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The 480ha AB Lime site also has a 950-cow, 380ha dairy farm, with a neighbouring 70ha of native bush, including 13ha of wetlands, under restoration.
AB Lime environmental field officer Ainsley Adams said the ultimate goal was to translocate kakariki and South Island robins back into the area.
People would be able to see the dairy farm, native bush and wetlands at a field day hosted by the Mid-Oreti Catchment Group on October 8.
"We want to showcase what we are doing."
AB Lime started buying in the thousands of native plants needed for the restoration project.
That proved expensive, and sometimes the plants were in short supply so it decided to establish its own nursery on site last year.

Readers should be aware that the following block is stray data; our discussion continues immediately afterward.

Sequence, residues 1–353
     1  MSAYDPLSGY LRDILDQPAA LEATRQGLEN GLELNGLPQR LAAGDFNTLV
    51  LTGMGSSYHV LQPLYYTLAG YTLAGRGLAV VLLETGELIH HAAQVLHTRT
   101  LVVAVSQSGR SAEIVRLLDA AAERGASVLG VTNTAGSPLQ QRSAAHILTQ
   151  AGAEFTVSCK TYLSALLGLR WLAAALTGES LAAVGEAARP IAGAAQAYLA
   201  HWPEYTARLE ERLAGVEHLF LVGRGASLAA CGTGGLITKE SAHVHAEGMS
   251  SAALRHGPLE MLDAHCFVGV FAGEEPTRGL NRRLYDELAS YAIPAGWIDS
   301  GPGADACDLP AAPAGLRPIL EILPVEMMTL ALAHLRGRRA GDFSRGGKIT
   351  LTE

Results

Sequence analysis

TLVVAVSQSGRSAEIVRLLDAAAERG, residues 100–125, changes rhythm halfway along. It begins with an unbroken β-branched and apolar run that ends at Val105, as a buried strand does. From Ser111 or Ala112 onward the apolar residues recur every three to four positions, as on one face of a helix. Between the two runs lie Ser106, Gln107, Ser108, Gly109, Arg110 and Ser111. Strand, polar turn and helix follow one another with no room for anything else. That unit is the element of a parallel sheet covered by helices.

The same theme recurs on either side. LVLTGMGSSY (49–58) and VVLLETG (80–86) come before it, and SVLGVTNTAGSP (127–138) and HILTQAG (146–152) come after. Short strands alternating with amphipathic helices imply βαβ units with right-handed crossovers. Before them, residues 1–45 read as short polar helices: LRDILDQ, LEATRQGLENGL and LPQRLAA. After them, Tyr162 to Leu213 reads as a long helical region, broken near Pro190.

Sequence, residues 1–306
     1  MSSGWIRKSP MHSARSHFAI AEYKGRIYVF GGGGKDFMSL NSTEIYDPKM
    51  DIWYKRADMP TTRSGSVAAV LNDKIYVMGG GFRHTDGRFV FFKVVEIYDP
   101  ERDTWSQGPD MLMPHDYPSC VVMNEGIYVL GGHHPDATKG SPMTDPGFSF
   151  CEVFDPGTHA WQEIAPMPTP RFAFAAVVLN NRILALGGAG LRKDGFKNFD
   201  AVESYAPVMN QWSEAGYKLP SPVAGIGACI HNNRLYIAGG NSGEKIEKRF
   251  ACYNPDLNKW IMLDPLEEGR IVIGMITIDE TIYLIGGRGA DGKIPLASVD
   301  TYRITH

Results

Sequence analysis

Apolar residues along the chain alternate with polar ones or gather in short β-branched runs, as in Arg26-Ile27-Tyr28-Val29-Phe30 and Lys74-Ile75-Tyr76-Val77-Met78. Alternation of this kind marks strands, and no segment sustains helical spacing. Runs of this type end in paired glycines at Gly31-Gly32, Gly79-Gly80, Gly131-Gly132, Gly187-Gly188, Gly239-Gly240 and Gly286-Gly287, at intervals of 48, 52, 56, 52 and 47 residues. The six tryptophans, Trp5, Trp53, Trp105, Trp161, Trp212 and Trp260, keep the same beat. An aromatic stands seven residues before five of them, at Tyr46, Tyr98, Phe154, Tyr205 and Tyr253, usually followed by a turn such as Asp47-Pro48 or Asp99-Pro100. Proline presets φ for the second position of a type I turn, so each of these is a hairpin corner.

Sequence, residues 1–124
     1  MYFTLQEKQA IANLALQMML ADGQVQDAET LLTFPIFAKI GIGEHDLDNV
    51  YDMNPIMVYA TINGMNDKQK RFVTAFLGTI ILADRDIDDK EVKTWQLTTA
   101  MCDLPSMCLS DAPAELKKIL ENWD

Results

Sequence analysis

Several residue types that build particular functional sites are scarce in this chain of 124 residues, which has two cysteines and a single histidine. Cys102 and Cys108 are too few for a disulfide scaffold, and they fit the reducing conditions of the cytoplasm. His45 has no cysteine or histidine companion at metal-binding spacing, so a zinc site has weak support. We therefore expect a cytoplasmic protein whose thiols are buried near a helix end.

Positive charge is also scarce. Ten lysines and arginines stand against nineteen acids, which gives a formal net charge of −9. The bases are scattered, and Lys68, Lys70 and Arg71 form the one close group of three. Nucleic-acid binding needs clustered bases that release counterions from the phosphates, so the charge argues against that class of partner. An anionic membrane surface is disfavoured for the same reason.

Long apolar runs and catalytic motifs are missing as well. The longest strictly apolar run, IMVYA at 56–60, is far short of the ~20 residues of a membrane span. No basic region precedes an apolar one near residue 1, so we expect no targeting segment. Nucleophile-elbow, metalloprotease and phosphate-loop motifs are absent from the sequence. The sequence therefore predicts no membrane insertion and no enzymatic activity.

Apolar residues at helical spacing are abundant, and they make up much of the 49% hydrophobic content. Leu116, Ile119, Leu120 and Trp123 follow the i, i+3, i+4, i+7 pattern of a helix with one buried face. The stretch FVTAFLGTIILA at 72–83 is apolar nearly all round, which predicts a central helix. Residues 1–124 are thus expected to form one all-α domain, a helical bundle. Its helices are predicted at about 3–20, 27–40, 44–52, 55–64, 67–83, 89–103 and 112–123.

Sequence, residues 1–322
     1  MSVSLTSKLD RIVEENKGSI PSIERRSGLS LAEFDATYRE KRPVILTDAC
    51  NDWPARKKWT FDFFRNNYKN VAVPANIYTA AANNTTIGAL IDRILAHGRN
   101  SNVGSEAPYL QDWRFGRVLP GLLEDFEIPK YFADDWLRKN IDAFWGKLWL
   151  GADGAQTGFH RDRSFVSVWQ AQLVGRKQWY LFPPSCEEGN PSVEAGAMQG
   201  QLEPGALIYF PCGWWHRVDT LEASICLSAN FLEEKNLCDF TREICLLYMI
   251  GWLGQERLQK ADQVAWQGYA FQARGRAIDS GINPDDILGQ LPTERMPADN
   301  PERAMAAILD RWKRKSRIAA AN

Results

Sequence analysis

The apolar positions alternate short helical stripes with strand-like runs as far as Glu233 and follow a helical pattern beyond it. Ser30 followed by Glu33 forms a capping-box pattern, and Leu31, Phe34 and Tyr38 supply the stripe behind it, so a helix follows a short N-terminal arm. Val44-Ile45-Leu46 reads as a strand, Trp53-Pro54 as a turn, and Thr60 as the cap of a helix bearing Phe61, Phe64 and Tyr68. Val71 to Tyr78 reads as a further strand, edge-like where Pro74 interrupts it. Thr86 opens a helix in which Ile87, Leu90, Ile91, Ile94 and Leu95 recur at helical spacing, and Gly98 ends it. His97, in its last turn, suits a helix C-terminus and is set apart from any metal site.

AB Lime part-time conservation and biodiversity ranger Ollie Crawshaw developed the nursery. He made a tunnel house and shade house to protect the plants from the elements, building everything from scratch.
He also carries out pest control.
"He’s a real handyman, Ms Adams said.
"We started our nursery with little to no experience and with trial and error, grew our seedlings.
"We eco-sourced seed from about 18 different species from the block last year and most started to grow."
Once the nursery was well established the company hoped give plants to other catchment groups.
As part of the field day, it want to showcase a detainment bund and drainage system, which is part of its mitigation programme and which slows down run-off from the hill country.
"We would like to replant another 25ha of retired pasture to complement the bush block.
"We want to encourage others to implement similar projects on their own property."